Tribology of Ceramics in Different Environments

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Tribology of Ceramics in Different Environments
Tribology of Ceramics in Different
Environments
Andreas Kailer, Iyas Khader, Alexander Renz, Christof Koplin
Fraunhofer Institute for Mechanics of Materials IWM
Wöhlerstraße 11
79108 Freiburg
[email protected]
+49 761 - 51 42 2 47
www.mikrotribologiecentrum.de
© Fraunhofer-Institut für Werkstoffmechanik IWM
AGENDA
 Short introduction
 Motivation: Application
 Wear analysis in rolling contacts
 Tribological behavior in ceramic cutting tools
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Examples of current research topics
 Ceramics in cold and hot metalforming processes: New materials for
improved lifetime and wear resistant components
 Ceramic cutting tools: Towards the understanding of tribological
mechanisms in cutting operations
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Ceramic rolling tools
 Ceramic tools and components for the
fabrication of sheets, foils, wires and
profiles
Stahl
Si3N4
 Assessment of wear resistance and
lifetime
 Optimization of surface loading
capability
Si3N4
 Simulations (sintering, adhesion)
 Validation in industrial rolling
processes
 Benchmarks lifetime prolongation
were overmatched by a factor ~ 10
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Stahl
Ceramic materials and components for rolling mills
energy, resources
wear resistance,
mechanical and thermal
properties
tool lifetime
product quality
cost efficiency
energy consumption
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Ceramic rolling tools
 Ceramic tools and components for the
fabrication of sheets, foils, wires, profiles
Stahl
Si3N4
 Assessment of wear resistance and
lifetime
 Optimization of surface loading
capability
 Simulations (sintering, adhesion)
Si3N4
 Validation in industrial rolling processes
 benchmarks for lifetime prolongation
were overmatched by factor < 10
Stahl
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Rolling of metal foils
(Sendzimir mill, MK Metallfolien, Hagen)
work rolls
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Consortium
 Ceramic Manufacturers
 Machining
 Research institutes
 Industry
…
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Tribological behaviour of new ceramic materials
Aim:
Improve wear resistance and high
temperature strength
• New material variations
• Influence of cooling lubricants
Ra: 0,08 μm, Rz: 0,15-0,2 μm
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Wire rolls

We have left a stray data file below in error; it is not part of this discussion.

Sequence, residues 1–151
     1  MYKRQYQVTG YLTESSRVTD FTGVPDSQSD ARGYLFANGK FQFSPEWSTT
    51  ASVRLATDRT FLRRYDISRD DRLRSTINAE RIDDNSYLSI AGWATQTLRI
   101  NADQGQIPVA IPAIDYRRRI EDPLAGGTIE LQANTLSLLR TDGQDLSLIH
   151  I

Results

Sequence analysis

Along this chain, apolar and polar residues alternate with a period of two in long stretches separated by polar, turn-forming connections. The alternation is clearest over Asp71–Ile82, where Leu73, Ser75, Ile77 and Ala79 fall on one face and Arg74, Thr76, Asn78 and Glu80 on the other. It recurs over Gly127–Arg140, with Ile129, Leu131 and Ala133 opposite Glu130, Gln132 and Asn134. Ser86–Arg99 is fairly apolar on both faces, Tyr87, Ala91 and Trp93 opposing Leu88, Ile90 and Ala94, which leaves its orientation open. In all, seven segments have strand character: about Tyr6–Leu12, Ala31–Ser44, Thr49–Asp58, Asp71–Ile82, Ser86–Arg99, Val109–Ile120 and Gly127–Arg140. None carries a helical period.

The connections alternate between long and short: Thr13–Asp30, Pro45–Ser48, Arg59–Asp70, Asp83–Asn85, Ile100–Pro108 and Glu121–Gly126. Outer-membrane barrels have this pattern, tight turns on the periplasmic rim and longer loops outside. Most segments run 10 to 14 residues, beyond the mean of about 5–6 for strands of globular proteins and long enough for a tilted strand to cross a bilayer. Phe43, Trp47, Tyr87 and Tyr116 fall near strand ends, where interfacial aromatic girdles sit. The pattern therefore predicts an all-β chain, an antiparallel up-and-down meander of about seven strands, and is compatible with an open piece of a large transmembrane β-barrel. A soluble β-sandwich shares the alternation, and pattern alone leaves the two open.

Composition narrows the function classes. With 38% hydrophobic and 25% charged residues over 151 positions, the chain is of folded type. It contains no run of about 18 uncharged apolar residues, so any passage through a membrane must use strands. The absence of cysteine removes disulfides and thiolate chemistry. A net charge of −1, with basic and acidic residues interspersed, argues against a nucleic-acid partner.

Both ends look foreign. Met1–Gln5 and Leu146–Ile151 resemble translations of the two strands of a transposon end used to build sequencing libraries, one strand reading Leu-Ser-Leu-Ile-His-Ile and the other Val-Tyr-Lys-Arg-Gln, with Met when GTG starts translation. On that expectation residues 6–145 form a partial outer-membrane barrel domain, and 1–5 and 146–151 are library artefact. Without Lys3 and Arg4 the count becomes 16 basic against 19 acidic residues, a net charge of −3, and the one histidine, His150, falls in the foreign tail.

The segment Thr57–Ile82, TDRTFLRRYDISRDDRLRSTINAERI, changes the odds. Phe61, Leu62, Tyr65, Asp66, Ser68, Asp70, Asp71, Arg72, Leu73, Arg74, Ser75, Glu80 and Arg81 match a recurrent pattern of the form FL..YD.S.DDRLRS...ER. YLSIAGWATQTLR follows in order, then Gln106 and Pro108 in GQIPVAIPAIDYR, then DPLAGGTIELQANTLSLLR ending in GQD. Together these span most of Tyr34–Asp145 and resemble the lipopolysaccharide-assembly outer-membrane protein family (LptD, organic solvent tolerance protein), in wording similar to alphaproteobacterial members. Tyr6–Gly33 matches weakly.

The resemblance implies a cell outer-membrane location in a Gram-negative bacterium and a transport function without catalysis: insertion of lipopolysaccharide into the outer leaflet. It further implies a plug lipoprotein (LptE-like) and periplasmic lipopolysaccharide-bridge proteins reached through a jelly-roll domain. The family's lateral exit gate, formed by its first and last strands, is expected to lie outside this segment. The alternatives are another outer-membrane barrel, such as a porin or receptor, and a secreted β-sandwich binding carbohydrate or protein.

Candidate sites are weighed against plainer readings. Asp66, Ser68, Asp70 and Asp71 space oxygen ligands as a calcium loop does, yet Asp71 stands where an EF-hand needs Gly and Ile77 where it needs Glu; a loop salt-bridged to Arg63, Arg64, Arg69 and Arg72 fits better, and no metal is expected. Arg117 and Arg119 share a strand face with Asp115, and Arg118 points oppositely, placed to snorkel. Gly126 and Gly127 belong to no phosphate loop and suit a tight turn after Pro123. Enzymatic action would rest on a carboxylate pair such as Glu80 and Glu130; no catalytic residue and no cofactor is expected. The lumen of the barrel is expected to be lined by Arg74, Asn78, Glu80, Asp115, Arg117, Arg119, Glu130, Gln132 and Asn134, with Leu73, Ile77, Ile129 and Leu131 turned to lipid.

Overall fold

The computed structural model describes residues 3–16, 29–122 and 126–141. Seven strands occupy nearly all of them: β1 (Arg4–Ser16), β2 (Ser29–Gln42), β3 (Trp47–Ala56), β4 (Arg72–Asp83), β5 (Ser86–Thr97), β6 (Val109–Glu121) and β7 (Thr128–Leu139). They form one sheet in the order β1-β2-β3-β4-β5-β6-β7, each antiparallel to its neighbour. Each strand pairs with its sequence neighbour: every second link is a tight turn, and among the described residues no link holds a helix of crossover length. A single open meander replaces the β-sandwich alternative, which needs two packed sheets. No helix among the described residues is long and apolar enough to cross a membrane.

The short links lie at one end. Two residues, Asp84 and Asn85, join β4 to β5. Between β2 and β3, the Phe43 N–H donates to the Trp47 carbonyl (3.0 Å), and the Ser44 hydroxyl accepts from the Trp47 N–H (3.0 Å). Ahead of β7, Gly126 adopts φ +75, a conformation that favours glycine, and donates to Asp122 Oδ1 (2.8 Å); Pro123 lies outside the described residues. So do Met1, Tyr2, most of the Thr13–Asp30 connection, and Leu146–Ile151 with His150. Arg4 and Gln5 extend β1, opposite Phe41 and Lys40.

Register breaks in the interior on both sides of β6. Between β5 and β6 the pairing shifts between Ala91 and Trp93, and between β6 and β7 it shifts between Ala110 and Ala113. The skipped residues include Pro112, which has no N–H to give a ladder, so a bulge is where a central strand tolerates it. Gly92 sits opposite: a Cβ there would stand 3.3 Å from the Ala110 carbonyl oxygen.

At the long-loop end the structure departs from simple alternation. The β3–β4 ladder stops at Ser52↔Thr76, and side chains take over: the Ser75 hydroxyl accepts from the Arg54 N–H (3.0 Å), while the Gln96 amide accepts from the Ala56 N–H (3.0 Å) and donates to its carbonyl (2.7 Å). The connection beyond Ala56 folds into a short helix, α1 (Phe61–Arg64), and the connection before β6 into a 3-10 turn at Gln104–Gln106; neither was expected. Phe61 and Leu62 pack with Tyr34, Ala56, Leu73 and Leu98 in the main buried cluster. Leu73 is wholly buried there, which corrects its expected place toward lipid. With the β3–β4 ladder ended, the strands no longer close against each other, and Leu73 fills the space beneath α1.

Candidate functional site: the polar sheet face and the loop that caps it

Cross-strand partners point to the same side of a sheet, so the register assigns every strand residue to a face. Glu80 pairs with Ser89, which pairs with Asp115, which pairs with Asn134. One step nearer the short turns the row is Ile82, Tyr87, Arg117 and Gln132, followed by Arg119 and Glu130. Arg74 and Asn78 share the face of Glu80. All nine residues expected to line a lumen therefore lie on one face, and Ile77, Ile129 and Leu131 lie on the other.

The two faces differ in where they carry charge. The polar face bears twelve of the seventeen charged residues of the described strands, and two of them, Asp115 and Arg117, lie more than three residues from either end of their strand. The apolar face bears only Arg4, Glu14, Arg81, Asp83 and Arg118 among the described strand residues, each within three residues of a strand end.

Hot Rolling of Copper
Hot rolling of steel and Ni-base
alloys
Wire temperature ~840C,
Velocity ~2 m/s, cooling lubricant
Wire temperature ca. 1050C,
velocity ~10 m/s, cooling lubricant
Si3N4
rolls
Medianriss
Bild: Böhler Edelstahl
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Ceramic guiding rolls
Surface smoothening
10 times higher lifetime
Steel rolls: 60 t wire
Ceramic rolls: > 600 t
new
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after service
Tribochemical wear: Copper wire rolling
(A. Hashibon, J.-M. Albina, FhG IWM)
System
Work of separation (Wsep)
[J/m²]
Cu (111) / -Fe (111)
4.00
Cu (111) / -Si3N4 (0001)
2.72
Cu (111) / -SiO2 (0001)
4.10
Cu (111) / [Cu ML , -Fe (111)]
3.30
Cu (111) / Cu (111)
3.08
ML: monolayer
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Cu / α-SiO2
Tribochemical wear: Copper wire rolling
Si3N4
High T, P + Sliding
SiO2
High adhesion affinity
SiO2
Cu
Tribological contact
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Delamination of
low shear-strength
oxide layers
Multiscale simulation to model degradation in
ceramic components
EU-Project (2011 – 2014): IWM, KIT, IPM, ISFK, SKF, Böhler Edelstahl, FCT
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Component testing: Wire rolling test rig
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Tribochemical wear and wire rolling
Ceramic rolls: Si3N4 - SL200 BG (oval-profile caliber)
Wire: Steel 1.4310
Rolling temperature: ~900°C
Reduction: 0.3
Lubrication: Cooling lubricant (5% emulsion in water)
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Tribochemical wear: Hot rolling of high strength steel
SL200 BG
Ra = 0,04 ± 0,01 µm
Ra = 0,12 ± 0,02 µm
Rz = 0,11 ± 0,05 µm
Rz = 0.90 ± 0,10 µm
Polished surface
After 3000m at 900°C
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Virgin state
Hot rolling of high strength steel
Surface shear stresses in wire rolling
Complex sliding contact conditions in the deformaiton zone
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Hot rolling of high strength steel